By Rusty Chinnis
sun staff writer
Bonefish are one of my favorite game fish. What could be better than wading a hard sand flat under six inches to a foot of crystal clear water and throwing flies to large schools of aggressive, reel clearing fish? Ask any savvy fly angler and the chances are that bonefish are one of their favorite fish too. You’ll find tarpon, permit, steelhead and rainbow trout on that short list. Why are these two-to-12-pound fish so sought after? After all they don’t jump, aren’t noted as great table fare and can be so hard to spot that they’ve been given the name "grey ghosts" of the flats.
Bonefish are highly sought after because they pose a great challenge to both spin and fly anglers and because they run and fight with an intensity far greater than their size. They inhabit some of the most beautiful places in the world and they "tail." Tailing is a result of their feeding activity. When bonefish are pursuing small crabs, shrimp, worms, juvenile lobster and other crustaceans on shallow flats they actually tip up as they feed, exposing their tails. There’s nothing more exciting than wading a flat and suddenly seeing a group of tails piercing the water’s surface, flashing silver in the tropical sun.
Florida is home to bonefish and close to some of the best bonefishing in the world. The waters from Biscayne Bay through the Florida Keys hold some of the world’s biggest and spookiest fish. Venezuela, Mexico and Belize are also great destinations, as are far flung ports of call like the Seychelles, Christmas Islands and the South Pacific.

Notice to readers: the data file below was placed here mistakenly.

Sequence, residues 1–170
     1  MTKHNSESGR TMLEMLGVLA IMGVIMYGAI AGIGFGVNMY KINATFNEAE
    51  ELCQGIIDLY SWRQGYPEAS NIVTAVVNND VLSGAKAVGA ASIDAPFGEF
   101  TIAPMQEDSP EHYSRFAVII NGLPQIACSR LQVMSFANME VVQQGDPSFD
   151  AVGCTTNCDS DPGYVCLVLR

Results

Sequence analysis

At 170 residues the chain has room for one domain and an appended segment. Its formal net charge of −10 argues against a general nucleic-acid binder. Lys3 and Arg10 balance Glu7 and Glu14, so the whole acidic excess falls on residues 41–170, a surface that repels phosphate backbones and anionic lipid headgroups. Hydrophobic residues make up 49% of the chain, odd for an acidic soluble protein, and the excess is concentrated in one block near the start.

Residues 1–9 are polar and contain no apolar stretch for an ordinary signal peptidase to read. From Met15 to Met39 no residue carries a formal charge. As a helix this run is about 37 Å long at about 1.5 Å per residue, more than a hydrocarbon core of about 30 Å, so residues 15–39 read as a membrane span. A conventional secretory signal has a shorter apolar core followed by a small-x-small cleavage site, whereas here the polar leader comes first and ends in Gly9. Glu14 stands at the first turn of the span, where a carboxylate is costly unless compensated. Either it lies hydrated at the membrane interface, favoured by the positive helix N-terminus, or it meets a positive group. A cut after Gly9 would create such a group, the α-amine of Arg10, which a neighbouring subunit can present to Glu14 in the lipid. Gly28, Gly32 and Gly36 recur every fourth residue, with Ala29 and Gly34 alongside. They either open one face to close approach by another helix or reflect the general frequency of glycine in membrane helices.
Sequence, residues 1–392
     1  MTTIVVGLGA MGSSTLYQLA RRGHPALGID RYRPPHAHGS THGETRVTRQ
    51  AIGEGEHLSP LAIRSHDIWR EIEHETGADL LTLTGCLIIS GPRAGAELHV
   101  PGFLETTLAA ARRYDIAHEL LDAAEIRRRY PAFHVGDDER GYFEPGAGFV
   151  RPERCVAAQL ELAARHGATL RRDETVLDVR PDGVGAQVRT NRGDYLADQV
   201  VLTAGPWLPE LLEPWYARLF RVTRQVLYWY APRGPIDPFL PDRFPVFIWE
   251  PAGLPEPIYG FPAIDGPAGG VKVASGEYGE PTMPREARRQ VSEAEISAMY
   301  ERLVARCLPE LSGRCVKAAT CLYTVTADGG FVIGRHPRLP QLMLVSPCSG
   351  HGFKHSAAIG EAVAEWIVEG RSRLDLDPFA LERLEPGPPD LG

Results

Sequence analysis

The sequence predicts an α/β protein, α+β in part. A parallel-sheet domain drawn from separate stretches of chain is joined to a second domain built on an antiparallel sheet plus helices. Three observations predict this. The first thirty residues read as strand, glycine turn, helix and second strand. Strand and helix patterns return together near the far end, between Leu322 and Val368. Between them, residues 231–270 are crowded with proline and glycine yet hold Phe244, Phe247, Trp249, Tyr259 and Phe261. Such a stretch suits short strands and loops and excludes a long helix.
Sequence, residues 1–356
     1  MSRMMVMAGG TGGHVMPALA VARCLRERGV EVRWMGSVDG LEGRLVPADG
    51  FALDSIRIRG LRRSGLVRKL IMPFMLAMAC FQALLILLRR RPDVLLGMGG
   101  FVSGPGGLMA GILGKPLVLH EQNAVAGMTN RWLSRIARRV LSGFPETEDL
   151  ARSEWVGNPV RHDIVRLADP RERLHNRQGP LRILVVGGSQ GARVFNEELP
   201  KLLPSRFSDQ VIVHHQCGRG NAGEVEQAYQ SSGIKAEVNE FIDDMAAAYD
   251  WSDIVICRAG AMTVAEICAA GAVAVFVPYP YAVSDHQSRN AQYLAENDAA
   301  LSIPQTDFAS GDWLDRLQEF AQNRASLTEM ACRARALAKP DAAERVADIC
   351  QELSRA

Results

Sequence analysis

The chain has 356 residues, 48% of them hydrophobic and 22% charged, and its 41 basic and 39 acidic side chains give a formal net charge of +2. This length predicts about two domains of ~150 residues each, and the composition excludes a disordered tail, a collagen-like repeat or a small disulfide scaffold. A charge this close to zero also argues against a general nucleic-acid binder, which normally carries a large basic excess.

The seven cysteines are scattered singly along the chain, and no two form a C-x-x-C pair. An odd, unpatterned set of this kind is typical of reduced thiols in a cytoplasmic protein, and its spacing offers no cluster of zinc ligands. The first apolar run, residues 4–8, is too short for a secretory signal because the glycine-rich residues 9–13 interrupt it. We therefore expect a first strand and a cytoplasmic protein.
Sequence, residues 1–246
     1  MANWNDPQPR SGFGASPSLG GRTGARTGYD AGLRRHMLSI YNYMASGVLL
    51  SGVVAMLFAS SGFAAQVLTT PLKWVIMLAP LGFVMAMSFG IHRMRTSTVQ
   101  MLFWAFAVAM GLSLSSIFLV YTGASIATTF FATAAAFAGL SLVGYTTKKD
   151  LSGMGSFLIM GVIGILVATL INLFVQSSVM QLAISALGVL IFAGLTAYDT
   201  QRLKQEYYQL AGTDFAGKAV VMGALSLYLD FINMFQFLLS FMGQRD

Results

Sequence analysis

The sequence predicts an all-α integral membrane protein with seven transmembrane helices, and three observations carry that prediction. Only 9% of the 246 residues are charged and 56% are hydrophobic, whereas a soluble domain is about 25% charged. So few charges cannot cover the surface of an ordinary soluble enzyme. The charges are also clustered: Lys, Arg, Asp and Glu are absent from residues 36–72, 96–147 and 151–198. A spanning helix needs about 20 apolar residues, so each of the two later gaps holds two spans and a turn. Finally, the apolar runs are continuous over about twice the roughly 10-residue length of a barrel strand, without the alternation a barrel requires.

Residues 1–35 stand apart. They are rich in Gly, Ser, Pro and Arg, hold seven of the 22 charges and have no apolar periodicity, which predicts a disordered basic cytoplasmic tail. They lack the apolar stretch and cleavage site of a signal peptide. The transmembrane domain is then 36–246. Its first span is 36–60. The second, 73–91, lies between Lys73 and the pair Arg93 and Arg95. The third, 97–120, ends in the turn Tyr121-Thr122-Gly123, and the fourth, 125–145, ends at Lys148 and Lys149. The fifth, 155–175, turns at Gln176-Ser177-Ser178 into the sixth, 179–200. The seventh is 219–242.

Luckily for anglers in the United States and particularly Florida, one of the best destinations in the world is only a one hour flight from Ft Lauderdale. The islands of Andros and south Andros, in particular, are the largest and least populated in the Bahamas chain. These islands are known as one of, if not the best, location for large schools of big, un-pressured bonefish.
I traveled to South Andros and the Andros South Lodge in early May with my friend Captain Rick Grassett and a group of anglers from Sarasota (Kyle Ruffing and Jon Yenari) and Tampa. This was my third visit to the lodge and a departure from my habit of varying my fishing destinations. It spoke volumes on the quality and quantity of the local opportunities for bonefish.
During the week of fishing, I was able to fish with five different accomplished anglers including Grassett, Walt Durkin, Tom Cawthon, Robert Fisher and Ted Hagaman. We fished many of the creeks and seemingly endless flats south of the lodge, including the very southern tip of South Andros. We also explored the totally unpopulated western side of the island, marveling at the remoteness, where you can fish all day and never see another boat. It’s hard to communicate the experience of a 1,000-acre, pure white, sand flat punched through with a blue hole of immensurable depth. We crossed one of these scattered natural wonders, home to thousands of snapper, jacks, barracuda, sharks and sea turtles. It’s one of the many natural wonders that will keep me coming back to this part of the world.
Every angler scored multiple fish every day, even on the two days that posed challenging weather conditions. Although the fish weren’t as big as those I encountered in a trip I made here last November, a 9-pound fish topped the size chart and multiple fish were landed from 3 to 6 pounds. In addition to bonefish, fly anglers also landed barracuda, while Kyle Ruffing even fooled and landed a mutton snapper, one of fly fishing’s rarest and most sought after game fish.
While I haven’t fished for bonefish in destinations like the Seychelles or Christmas Islands, I have explored Venezuela, Mexico and Belize. From my experience and conversations with anglers who have traveled extensively, I think it’s safe to say that the islands of the Bahamas, in general, and South Andros, in particular, top most lists when bonefish are mentioned. For information of the Andros South Lodge, go to www.androssouth.com.